- The Washington Times - Monday, January 24, 2005

Americans lost a friend and a national institution this weekend, when Johnny Carson died of emphysema at the age of 79. For 30 years, Mr. Carson sent the nation to bed with civility, grace and a good dose of pretension-deflation. His humor was self-deprecating, playful and gentle to the human spirit.

Mr. Carson’s brand of humor was a throwback to the comedy of the first half of the 20th century. He got his start as a teen-age magician and ventriloquist, and characters like “Carnac the Magnificent” and “Aunt Blabby” showed it vividly. So did the menagerie of ferrets, lions and other animal guests that brought circus gags to late-night comedy.

Mr. Carson’s rise to fame was meteoric, and was indicative of the age. He started in radio and earned early accolades with “Carson’s Cellar,” during which Red Skelton hired him as a writer and helped launch him toward fame. After 39 weeks on CBS with “The Johnny Carson Show,” Mr. Carson moved to New York to host ABC’s “Who Do You Trust?,” where he partnered up with Ed McMahon and set the ground for “The Tonight Show.” The show, which he hosted from Oct. 1, 1962 to May 22, 1992, was an unprecedented success. He logged 4,531 episodes, won 42 Emmy nominations and was wished well by an estimated 50 million viewers for his farewell show. “He was the definition of class and dignity,” said one admirer earlier this week who captured the reality.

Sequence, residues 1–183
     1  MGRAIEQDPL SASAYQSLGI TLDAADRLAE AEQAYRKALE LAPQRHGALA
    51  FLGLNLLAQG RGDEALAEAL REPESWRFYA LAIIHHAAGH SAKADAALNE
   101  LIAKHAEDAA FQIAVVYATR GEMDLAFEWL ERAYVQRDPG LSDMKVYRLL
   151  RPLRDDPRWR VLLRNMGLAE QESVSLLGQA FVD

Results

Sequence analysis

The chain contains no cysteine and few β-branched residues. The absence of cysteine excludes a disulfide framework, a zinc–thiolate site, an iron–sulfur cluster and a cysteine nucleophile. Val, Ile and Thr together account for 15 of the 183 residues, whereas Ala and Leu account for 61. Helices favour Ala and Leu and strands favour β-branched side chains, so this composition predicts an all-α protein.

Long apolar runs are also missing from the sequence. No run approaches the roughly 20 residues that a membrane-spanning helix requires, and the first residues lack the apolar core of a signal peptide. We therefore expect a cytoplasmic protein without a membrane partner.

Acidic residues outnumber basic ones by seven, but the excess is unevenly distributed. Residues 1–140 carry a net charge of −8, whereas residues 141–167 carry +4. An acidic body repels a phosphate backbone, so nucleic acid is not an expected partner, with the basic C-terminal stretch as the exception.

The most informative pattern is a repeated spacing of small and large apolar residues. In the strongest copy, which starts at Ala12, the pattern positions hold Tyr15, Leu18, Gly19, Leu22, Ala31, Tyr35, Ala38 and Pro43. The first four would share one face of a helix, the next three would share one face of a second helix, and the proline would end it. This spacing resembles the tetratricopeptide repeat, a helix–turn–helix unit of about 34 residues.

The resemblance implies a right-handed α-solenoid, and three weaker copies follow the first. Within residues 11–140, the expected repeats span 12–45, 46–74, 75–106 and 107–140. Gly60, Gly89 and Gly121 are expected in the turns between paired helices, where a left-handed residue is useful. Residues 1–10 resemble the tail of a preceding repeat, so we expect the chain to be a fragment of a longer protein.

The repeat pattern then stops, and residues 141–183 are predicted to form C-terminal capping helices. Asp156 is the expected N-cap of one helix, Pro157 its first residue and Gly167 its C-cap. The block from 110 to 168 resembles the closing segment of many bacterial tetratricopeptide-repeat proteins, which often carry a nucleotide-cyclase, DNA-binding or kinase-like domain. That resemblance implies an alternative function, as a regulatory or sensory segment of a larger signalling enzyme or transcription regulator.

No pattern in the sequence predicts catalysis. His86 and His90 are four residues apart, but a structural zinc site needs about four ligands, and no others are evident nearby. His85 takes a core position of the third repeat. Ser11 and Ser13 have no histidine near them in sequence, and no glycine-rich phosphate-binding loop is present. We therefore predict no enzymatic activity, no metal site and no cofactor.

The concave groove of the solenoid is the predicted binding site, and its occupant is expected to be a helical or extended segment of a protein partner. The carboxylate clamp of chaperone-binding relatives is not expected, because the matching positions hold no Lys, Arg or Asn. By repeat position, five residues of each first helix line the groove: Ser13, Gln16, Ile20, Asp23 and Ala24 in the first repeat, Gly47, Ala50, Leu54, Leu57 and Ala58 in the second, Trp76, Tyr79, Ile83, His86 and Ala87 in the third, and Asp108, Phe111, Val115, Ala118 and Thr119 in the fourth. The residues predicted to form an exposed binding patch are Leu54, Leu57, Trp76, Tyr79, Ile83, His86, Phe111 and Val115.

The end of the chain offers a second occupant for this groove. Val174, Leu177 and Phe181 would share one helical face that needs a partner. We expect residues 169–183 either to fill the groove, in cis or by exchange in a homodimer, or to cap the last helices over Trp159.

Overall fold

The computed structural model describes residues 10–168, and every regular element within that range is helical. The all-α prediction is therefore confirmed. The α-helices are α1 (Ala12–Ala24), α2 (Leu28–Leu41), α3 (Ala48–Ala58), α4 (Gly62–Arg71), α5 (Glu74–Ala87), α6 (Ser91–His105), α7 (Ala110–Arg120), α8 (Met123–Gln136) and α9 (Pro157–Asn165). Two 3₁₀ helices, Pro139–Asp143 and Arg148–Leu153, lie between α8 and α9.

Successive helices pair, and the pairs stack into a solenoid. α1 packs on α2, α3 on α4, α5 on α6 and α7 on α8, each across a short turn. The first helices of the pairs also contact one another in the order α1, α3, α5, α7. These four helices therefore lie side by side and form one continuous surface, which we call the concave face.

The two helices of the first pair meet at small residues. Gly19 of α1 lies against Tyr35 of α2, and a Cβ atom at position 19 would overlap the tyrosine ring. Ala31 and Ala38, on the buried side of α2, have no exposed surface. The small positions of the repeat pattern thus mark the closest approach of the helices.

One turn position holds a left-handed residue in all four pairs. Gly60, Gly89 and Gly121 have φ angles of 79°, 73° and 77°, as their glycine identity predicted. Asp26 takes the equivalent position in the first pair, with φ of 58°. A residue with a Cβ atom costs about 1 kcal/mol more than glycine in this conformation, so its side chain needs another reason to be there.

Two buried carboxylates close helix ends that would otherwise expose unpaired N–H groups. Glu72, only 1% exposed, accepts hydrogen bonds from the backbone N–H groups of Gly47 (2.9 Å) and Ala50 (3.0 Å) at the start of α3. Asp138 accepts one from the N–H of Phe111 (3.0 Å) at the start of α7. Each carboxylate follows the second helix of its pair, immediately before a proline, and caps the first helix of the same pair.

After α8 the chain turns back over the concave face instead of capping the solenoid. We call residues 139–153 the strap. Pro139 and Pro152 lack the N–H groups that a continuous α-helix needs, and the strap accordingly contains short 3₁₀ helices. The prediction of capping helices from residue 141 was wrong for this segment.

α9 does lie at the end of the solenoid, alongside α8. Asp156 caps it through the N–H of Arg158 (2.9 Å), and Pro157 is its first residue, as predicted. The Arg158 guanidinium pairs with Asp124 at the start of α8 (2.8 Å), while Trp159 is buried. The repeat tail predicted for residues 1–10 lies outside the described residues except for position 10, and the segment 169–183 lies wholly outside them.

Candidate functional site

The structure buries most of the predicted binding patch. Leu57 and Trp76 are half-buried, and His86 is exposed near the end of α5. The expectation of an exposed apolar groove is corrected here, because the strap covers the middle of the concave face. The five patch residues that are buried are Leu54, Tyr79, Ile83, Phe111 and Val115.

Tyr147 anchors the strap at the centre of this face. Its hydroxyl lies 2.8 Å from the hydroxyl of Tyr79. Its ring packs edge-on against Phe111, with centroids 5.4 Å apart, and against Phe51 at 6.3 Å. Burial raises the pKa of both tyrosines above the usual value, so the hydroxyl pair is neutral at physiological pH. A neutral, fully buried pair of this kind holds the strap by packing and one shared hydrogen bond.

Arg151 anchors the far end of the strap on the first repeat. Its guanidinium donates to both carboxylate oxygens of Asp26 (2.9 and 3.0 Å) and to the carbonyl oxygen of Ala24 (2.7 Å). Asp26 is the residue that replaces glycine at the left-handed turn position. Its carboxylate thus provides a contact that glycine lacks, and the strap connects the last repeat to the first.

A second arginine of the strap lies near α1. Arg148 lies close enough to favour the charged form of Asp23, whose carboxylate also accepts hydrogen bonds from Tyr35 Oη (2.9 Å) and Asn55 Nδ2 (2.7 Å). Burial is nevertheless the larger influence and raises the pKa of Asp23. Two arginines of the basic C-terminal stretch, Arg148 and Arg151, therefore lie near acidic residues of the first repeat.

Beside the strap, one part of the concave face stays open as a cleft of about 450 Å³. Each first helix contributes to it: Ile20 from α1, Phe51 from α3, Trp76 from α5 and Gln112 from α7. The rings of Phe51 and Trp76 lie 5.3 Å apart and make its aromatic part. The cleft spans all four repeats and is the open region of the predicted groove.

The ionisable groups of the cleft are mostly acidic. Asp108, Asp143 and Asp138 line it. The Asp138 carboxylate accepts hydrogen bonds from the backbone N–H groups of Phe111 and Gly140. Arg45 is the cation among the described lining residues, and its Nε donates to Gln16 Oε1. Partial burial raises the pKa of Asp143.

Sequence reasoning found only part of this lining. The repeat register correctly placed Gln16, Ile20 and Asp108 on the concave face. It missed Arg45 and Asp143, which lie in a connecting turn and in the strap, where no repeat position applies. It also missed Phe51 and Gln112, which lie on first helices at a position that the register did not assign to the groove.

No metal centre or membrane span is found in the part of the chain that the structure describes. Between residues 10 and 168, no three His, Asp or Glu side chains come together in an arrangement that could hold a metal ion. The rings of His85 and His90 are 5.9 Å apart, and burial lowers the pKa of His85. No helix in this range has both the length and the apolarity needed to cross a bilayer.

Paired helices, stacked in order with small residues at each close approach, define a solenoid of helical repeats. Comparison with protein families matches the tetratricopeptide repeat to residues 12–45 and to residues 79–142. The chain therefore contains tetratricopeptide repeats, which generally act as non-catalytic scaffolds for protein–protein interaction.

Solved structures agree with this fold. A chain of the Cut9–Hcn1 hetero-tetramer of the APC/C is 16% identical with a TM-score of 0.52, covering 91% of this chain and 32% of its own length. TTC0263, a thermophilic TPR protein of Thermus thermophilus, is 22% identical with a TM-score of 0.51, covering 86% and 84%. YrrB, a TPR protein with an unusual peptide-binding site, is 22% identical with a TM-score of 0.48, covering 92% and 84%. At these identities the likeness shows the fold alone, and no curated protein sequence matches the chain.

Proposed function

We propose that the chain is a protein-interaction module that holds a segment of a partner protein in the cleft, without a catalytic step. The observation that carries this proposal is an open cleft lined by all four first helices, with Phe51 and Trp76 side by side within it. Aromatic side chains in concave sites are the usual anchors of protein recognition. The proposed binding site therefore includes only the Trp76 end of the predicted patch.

It’s ironic, however, that even as Mr. Carson’s career blossomed, American comedy got rawer and edgier, more profane and haranguing. Where once we had Jack Benny and Bob Hope, we now had John Belushi and Chris Rock. Clearly there was something about Mr. Carson’s gentle Midwestern sensibilities, something in his good-natured entertainer’s presence, that viewers clung to even as the overall culture grew coarser. What was it about Mr. Carson’s gentility that so captivated audiences?

The answer could simply be that Mr. Carson was a man of his times. Humor was gentler in the mid-20th century, so a man of Mr. Carson’s mores could be king. It’s not as if the news and the issues from which that humor arose were less divisive or somehow less problematic: Vietnam, Watergate and desegregation were just as trying for Americans as the Iraq war, gay “marriage” or abortion today. It’s telling that through all Mr. Carson’s jabs at politicians left and right, and all the blows to pretension, no one knew much of anything about his political views. The closest we came in recent years was an interview in Esquire in which he criticized Fox News and President Bush — but also said he wished he had been on air to roast up the Monica Lewinksy affair. As goes the culture, so go its comedians.

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